Therefore, particularly in big games where both teams are good and evenly matched, the battle is always won in the trenches. The unsung heroes are always in the offensive line. If the O line can give the QB time to look to his second and third reads, it could be a long day for the secondary. But all the offense in the world is no good if you cannot protect the football. As always, turnovers will kill ya. You can’t turn the ball over and expect to win championships. The team with the better turnover ratio will win. Also, you gotta avoid penalties, especially the stupid penalties that are caused by mental errors.

But protecting the ball is not enough to win; you gotta have great special teams play too. The special teams always play a huge role (or an uuuuuge role, if you’re Al Miracles) in determining the outcome of the game. A blocked punt or blocked field goal, or a muffed punt, or pinning the opponent inside their 5-yard line can completely turn the momentum around. Plus, special teams determine the outcome of that most basic of all football ‘game-within-the-game’ chess-matches---the field position battle. In all big games, field position will eventually determine the outcome of the game. Good field position can lead to an easy score and bad field position can lead to an ill-timed turnover.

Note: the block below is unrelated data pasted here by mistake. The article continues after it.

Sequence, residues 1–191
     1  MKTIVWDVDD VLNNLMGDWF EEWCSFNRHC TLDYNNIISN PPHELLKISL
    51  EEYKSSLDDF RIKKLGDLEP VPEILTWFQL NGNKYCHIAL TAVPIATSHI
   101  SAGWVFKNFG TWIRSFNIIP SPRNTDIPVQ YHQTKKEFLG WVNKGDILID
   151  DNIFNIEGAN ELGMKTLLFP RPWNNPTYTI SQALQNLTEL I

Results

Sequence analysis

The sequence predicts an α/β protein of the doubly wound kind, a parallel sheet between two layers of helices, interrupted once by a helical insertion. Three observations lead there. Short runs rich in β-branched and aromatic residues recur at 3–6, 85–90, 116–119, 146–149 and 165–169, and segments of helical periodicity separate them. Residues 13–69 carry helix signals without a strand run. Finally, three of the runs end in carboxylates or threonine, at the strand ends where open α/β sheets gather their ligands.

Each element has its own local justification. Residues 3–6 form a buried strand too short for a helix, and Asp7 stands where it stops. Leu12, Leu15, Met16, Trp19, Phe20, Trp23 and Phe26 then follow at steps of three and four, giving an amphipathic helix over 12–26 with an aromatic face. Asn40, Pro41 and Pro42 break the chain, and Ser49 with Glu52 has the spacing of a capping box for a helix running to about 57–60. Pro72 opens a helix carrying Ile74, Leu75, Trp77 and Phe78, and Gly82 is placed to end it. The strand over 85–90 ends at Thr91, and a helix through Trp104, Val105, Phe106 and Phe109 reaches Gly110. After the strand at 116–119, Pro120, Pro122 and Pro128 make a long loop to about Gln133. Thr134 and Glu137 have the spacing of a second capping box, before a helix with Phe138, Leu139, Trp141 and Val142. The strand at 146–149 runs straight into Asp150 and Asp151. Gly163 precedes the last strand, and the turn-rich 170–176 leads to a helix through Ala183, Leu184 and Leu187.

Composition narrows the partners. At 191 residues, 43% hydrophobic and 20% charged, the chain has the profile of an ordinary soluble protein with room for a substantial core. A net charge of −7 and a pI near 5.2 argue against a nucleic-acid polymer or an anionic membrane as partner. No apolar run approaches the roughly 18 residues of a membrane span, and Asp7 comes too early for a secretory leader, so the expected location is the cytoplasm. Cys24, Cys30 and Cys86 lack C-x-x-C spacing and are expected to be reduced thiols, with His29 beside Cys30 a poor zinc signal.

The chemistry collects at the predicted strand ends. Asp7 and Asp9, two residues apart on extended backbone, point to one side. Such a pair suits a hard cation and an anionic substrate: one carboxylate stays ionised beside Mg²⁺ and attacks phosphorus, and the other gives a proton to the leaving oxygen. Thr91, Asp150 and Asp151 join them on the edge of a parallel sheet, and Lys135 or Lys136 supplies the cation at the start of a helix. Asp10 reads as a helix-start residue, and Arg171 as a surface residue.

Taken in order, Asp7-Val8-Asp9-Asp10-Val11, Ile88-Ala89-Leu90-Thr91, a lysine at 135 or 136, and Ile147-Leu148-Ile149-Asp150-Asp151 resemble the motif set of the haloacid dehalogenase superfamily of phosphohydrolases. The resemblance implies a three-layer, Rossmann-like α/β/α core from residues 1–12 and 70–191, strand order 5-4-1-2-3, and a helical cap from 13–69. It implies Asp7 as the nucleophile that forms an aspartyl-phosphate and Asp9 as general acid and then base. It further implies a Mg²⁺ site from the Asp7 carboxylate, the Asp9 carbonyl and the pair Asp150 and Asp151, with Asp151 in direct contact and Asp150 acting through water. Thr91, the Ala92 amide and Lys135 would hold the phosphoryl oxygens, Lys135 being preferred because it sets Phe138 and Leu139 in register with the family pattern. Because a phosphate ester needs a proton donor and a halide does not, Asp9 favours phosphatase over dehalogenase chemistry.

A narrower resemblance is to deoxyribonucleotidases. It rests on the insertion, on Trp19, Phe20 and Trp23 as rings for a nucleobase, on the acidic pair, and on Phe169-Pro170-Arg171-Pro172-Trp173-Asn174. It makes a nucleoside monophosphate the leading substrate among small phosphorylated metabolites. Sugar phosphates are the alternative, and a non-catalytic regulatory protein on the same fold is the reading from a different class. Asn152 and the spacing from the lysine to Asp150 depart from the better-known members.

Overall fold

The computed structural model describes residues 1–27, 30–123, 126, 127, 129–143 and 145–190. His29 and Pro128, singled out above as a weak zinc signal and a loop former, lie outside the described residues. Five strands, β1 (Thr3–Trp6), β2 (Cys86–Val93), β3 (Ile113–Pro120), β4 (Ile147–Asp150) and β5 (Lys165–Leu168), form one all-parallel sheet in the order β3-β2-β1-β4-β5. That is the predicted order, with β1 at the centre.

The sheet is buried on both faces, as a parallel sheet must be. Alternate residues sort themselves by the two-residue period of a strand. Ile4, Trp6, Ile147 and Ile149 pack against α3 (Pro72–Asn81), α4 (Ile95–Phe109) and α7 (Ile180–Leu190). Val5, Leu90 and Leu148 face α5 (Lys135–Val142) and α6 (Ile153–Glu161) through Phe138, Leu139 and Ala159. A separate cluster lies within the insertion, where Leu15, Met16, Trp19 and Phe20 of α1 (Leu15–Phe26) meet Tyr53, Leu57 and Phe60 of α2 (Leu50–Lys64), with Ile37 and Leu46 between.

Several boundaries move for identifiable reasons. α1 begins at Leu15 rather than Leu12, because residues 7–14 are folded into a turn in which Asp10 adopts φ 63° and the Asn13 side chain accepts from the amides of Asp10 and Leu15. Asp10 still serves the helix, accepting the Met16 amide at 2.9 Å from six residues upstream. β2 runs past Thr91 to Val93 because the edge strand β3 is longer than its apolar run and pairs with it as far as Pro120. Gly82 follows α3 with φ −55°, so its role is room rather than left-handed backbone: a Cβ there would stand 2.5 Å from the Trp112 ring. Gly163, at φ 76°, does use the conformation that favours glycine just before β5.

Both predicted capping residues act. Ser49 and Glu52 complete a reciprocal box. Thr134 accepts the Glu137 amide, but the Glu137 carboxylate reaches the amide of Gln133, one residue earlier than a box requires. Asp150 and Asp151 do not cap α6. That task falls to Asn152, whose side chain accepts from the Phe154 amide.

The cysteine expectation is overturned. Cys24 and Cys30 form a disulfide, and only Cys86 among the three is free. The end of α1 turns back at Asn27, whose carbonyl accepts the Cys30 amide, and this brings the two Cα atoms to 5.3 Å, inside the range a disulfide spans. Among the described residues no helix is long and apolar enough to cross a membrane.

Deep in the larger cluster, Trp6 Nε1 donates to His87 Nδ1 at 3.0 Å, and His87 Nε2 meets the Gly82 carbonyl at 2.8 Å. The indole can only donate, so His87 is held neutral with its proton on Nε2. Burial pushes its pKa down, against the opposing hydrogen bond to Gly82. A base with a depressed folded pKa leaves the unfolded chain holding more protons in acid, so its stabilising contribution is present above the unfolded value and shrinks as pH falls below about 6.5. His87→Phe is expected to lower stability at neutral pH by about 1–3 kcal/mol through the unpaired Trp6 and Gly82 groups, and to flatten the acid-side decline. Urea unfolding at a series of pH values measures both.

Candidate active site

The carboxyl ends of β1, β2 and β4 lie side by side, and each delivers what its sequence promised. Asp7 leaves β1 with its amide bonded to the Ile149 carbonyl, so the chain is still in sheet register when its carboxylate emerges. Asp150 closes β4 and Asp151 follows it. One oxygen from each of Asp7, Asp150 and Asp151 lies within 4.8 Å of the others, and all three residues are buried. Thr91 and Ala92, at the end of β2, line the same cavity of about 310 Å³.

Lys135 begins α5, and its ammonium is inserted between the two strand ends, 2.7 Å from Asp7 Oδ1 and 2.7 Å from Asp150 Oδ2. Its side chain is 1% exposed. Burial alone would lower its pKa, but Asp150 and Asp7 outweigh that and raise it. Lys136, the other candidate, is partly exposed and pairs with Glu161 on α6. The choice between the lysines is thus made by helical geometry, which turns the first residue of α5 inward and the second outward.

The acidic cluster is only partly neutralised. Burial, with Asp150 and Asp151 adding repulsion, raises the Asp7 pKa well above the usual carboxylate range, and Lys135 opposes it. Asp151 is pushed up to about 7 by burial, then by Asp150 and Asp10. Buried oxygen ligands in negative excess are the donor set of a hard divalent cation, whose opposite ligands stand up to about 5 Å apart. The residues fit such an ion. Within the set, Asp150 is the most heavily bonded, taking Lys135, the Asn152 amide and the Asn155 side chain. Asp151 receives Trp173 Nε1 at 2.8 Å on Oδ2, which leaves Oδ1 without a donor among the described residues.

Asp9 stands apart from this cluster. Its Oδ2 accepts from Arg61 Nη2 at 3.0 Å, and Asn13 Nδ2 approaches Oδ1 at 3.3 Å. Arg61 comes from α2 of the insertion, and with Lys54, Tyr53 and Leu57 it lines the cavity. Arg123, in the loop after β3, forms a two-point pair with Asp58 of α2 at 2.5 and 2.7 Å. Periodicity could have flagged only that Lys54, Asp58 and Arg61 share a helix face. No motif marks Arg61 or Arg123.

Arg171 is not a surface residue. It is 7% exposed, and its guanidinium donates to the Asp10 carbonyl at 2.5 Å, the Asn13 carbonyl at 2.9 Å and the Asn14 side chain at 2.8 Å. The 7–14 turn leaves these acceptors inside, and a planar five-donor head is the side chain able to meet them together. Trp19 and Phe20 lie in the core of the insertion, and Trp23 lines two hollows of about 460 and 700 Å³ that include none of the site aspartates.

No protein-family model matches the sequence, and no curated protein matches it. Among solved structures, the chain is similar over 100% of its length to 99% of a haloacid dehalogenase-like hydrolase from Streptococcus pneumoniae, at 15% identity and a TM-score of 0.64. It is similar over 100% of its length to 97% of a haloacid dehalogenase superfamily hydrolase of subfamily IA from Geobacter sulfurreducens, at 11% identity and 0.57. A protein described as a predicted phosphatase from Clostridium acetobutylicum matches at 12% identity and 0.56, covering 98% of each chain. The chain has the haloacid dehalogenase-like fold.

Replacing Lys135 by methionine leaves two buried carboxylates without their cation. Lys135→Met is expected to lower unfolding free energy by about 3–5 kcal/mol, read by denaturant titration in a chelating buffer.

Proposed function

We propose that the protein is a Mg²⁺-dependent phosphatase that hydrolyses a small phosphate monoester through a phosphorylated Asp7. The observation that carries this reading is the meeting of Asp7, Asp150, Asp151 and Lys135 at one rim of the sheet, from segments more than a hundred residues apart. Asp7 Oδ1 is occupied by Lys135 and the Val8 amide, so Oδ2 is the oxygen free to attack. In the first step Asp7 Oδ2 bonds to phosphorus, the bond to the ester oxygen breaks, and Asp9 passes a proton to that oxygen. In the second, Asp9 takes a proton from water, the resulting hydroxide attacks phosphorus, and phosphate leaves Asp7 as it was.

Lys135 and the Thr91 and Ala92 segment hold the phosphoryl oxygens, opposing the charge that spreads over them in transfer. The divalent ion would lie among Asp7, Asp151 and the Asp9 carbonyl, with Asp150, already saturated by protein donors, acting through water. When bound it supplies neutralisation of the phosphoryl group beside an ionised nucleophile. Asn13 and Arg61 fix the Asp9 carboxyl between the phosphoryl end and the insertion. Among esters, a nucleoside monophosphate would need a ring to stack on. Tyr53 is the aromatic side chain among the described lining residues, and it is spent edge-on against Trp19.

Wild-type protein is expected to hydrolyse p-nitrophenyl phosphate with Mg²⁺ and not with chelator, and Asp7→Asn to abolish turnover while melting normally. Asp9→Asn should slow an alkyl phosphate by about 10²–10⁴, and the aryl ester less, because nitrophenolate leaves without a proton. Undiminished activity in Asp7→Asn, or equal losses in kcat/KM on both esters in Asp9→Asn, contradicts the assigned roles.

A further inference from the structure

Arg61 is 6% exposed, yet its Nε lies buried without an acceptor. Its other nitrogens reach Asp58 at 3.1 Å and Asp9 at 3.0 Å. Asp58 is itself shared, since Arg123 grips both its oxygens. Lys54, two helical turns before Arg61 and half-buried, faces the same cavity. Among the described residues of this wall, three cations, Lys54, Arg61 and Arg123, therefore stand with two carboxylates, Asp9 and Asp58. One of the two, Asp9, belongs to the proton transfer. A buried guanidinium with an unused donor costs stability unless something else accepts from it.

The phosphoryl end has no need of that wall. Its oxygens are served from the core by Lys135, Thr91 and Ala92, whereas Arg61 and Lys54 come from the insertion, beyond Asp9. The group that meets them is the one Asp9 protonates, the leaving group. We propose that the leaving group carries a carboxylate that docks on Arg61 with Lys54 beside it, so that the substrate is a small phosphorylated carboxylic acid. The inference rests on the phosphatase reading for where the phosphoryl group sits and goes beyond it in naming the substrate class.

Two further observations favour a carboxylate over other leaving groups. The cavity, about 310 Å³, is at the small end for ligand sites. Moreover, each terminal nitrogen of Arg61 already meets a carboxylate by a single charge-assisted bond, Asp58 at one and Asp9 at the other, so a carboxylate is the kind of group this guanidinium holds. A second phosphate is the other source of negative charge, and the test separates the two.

You gotta remember that both teams have made it to the Super Bowl not by fluke but because they are good, battle tested, mentally tough teams that know how to win. That is why they are playing for the WORLD championship. So in the end it will come down to who wants it more. Who has the desire, the hunger, the stick-to-it-iveness, the refuse-to-lose mentality? Will the X-factors emerge on the biggest stage? Of course, one can never forget the intangibles.

In the end, it comes down to how the superstars and the play-makers play; great players make big plays in huge games on the grandest stage----that’s what playoff football is all about. The team that makes more plays will win. But all that having been said and done, nobody can contest this fact----when time runs out, the team with more points will be the champion.

Sunday, January 16, 2011

NFL Playoff musings…

I almost feel bad for the Ravens…almost…